– Thanks to the contacts with organisations in Georgia and with SI, we initiated a new SI project in Georgia on democracy and human rights in the creative sector in Georgia. In Sweden, a workshop was held over several days with 12 cultural workers from Georgia. This, in turn, led to new cooperations between Sweden and Georgia that are currently taking shape. The project also included training in digital security and leadership.

Could you briefly tell us about the EU project “Stronger together”?

– The EU project has recently been approved by Interreg Central Baltic and is a Sweden-Latvian cooperation. It is mainly focusing on integrating people with disabilities into the workforce and on supporting individuals with NPD diagnoses in employment. We will work on getting companies to update their anti-discrimination policies to eventually include more people with disabilities in their operations.

– The idea is then to establish a support organisation consisting of employers and other organisations that together create conditions for employment. The organisation supports both individuals with disabilities and employers.

– The new aspect of the project is that we will engage in policy work and establish a functioning operation. CSE was more of an analytical effort and a feasibility study.

In what way did the SI project help you progress to an EU-funded project?

– The relationships; we learned how to work with each other. Thanks to the SI project, we have an established network and know who to contact when there’s a suitable call for proposals.

What motivated you to engage in the issue within a larger international EU project?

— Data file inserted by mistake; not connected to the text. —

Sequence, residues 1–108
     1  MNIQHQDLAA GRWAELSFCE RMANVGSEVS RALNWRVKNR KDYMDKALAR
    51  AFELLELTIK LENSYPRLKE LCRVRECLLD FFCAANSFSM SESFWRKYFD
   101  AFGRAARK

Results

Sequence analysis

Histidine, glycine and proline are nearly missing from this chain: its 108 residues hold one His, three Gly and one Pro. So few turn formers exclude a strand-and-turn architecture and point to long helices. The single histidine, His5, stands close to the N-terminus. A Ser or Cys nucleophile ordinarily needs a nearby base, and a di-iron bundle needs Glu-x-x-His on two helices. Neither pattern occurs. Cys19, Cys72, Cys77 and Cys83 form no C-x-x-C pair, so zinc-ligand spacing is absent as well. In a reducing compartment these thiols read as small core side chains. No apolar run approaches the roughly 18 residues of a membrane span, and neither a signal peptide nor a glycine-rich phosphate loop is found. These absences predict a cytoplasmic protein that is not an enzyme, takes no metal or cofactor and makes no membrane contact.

– In our SI project, we identified needs in our countries. What emerged was the need to get more employers on board with hiring individuals with special needs. To make this effort, development funds are required. We have some basic funding from the state, but external funding is needed to accomplish development, so we seek project funding to develop the social economy in Östergötland and labour integration, something we’ve been heavily involved in at Coompanion over the years.


The project CSE-Baltic; Creative Social Entrepreneurship in the Baltic Sea Region is highlighted as part of the campaign “Europe in my region”. The campaign runs in Sweden from 2nd to 9th May and aims to showcase how EU funds benefit local communities. The project was financed under SI*s former funding scheme Seed funding in the Baltic Sea region, which has now been replaced by the SI Baltic Sea Neighbourhood Programme.

Many partnerships that began their cooperation in the Baltic Sea region with support from the Swedish Institute have since sought and been granted funding from one of EU’s funding programmes. Swedish Institute’s follow-ups show that projects that collectively received 119 million SEK from SI have received over 1 billion SEK in additional funding, primarily from EU funding programmes. Partnerships that started their cooperation with SI funding last for a long time and provide tangible benefits for the region. Within the SI Baltic Sea Neighbourhood Programme, SI finances projects aimed at creating conditions for mutual and long-term cooperation between actors in Sweden and other EU countries in the Baltic Sea region, as well as five of the countries in the EU’s Eastern Partnership. In June 2024, a new round of applications for the grant type seed funding will open, allowing actors to initiate cooperations in the Baltic Sea region. More information is available on the programme’s homepage.